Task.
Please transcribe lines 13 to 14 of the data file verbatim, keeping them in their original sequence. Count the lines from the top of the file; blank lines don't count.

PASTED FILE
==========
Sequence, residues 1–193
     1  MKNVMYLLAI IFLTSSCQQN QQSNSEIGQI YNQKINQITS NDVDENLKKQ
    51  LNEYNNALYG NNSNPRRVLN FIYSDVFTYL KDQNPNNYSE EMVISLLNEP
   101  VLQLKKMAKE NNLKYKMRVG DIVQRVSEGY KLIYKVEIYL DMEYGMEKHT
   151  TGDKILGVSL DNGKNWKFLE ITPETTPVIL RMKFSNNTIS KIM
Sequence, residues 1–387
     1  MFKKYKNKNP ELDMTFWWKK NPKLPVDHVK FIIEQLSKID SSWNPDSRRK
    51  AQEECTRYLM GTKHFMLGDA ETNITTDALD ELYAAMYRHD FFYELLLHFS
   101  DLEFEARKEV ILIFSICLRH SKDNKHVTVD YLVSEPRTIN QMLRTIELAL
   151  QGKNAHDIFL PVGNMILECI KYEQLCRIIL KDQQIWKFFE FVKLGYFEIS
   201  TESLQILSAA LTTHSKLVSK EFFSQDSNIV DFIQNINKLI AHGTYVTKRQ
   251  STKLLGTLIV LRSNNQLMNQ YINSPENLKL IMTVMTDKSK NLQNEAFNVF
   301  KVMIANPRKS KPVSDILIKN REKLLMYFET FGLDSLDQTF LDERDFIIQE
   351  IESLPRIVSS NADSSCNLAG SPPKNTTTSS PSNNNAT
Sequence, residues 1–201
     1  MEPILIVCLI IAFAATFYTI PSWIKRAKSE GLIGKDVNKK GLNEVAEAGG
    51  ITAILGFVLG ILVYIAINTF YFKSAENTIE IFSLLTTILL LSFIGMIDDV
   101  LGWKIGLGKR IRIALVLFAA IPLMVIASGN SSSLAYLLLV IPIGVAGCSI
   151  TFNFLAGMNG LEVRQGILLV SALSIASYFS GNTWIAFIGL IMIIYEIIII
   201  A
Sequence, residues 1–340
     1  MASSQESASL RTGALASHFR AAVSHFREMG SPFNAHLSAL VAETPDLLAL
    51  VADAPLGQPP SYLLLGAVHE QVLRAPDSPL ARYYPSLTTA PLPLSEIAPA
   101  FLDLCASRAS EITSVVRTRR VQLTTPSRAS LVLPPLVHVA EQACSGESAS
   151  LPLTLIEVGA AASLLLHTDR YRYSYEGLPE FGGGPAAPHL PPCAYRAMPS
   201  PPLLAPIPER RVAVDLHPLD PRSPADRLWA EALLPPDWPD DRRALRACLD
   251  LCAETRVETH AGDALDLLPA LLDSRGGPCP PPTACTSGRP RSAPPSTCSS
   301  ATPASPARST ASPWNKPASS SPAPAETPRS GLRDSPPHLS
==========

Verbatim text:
   301  KVMIANPRKS KPVSDILIKN REKLLMYFET FGLDSLDQTF LDERDFIIQE
   351  IESLPRIVSS NADSSCNLAG SPPKNTTTSS PSNNNAT